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Japanese Garden

One of the most peaceful and beautiful parks in Toowoomba is the University's Japanese Garden. 

Ju Raku En (roughly translated means 'to enjoy peace and longevity in a public place') was opened on 21 April 1989 by Mr Yoshiharu Araki from the Brisbane Consul-General of Japan, but it is still a comparatively young garden and it will take many years for it to be considered complete. 

Located on the northern side of the campus, on a 3 hectare site, it is one of Australia's largest and most traditionally designed Japanese stroll garden. The site is jointly owned by USQ and the Toowoomba Regional Council.

Feature of the garden include:

  • mountain stream and waterfall
  • Dry Garden
  • central lake
  • Azalea Hill
  • 3 kilometres of paths
  • 230 species of Japanese and Australian native trees and plants

The Garden is a popular venue for weddings: spring weddings are often held under the mass of lilac blossoms hanging from the Wisteria Pergola, while other couples choose to be married in front of the waterfall or under the Viewing Pavilion on one of the islands. The Garden has limited access for disabled persons, and public restrooms are available. To book the garden for a wedding or other function, please contact USQ Campus Services. The site plan for the Garden is also available to view.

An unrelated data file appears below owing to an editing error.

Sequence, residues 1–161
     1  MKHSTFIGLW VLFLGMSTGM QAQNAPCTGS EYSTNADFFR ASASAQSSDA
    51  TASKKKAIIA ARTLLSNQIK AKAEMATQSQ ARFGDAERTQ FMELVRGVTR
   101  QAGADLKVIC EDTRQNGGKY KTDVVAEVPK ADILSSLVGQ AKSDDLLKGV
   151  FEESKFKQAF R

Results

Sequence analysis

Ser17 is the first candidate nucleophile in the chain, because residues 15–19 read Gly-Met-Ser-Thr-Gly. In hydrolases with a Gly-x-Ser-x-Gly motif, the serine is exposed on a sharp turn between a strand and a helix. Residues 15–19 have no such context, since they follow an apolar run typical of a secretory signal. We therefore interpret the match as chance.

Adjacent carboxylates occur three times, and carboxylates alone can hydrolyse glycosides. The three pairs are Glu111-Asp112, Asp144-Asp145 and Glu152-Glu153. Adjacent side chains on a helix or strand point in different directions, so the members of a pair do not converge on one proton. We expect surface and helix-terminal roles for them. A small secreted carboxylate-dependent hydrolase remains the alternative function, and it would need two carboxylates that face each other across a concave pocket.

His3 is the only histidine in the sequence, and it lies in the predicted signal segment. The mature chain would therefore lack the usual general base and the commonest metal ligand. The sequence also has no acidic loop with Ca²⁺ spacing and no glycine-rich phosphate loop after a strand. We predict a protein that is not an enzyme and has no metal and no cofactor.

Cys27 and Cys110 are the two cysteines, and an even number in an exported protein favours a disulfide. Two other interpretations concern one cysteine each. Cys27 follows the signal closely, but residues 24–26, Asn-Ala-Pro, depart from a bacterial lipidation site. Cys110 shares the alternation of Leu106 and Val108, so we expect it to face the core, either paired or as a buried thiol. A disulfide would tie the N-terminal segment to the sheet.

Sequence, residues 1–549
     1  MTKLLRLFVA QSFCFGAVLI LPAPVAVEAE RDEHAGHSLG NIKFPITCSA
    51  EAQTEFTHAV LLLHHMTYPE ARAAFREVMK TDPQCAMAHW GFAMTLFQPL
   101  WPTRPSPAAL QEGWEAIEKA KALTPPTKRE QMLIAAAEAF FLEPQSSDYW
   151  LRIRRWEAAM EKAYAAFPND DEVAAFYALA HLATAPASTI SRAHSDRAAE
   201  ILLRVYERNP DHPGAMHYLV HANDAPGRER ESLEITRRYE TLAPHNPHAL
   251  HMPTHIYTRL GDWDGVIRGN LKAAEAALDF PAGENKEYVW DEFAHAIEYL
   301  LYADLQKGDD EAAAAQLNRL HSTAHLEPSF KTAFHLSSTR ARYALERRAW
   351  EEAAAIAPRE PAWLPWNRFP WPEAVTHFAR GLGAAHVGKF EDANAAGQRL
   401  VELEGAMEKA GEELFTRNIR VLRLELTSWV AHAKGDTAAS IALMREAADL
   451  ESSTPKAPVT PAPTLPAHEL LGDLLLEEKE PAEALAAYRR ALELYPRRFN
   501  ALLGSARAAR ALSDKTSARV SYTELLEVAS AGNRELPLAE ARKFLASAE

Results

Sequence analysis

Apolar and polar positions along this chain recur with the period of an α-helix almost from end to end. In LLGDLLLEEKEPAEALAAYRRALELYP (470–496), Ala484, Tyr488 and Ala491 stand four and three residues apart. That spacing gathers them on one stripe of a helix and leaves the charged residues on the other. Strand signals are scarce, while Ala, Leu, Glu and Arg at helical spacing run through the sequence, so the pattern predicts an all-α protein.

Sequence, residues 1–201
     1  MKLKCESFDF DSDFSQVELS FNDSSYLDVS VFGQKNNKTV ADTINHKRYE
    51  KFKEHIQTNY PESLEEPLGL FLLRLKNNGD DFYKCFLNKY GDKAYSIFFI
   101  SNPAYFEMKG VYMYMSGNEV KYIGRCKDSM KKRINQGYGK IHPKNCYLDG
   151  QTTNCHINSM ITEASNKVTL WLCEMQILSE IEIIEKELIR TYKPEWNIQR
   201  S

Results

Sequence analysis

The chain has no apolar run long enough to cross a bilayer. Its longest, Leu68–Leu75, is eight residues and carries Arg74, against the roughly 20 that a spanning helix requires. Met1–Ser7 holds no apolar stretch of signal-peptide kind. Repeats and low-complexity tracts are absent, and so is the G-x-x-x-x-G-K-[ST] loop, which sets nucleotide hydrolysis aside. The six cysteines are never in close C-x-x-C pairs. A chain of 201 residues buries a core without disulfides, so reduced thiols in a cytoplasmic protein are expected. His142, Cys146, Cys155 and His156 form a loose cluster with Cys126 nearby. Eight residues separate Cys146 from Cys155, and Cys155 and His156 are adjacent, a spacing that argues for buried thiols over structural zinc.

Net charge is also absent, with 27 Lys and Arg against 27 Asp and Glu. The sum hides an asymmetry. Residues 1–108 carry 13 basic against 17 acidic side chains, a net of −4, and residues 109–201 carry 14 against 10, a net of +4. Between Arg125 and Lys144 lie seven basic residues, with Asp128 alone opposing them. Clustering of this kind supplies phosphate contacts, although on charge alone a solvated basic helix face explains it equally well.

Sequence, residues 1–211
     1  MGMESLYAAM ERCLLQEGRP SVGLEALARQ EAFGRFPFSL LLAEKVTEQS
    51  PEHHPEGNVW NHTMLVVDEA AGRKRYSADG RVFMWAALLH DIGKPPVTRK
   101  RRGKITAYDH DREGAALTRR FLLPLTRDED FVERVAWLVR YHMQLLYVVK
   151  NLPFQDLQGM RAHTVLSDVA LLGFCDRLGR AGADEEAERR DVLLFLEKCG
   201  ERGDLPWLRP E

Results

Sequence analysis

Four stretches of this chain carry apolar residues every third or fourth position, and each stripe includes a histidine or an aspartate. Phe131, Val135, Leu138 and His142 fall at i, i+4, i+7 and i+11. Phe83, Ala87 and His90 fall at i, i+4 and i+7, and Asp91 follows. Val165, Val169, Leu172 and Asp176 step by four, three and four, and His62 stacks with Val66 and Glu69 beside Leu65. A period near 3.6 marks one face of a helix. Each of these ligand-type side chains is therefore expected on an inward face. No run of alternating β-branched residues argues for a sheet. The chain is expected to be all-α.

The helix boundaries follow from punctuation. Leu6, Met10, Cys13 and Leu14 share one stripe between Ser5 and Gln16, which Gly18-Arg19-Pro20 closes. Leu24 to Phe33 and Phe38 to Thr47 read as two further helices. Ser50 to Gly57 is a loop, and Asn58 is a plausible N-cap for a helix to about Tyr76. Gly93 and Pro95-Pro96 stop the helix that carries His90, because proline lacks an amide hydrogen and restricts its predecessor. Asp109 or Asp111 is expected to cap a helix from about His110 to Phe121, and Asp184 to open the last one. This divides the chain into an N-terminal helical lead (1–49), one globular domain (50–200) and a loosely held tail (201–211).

The Garden is open daily from 6:00am (AEST) to Dusk and admission is free.

Garden design

The master plan for Ju Raku En and the design for the community building and tea house were prepared in Japan after site analysis and intensive background studies by staff of the Nakane Garden Research. Construction commenced in 1983 after 3 years of planning. 

Japanese gardens emphasise the use of rocks to create three dimensional pictures in stone. All the large rocks in Ju Raku En  were accurately placed by the designer of the garden, Professor Kinsaku Nakane of Kyoto, so as to appear naturally dispersed in a random way.

Ju Raku En is more than just a group of rocks stitched together by water and artificially created hills and forests. It is actually a presentation of Buddhist paradise with the celestial sea (the lake) lapping the rocky shores of the three islands where the immortals are said to dwell. The material world is the outer edge of the lake and a symbolic journal to paradise may be made by crossing one of the four bridges to the islands.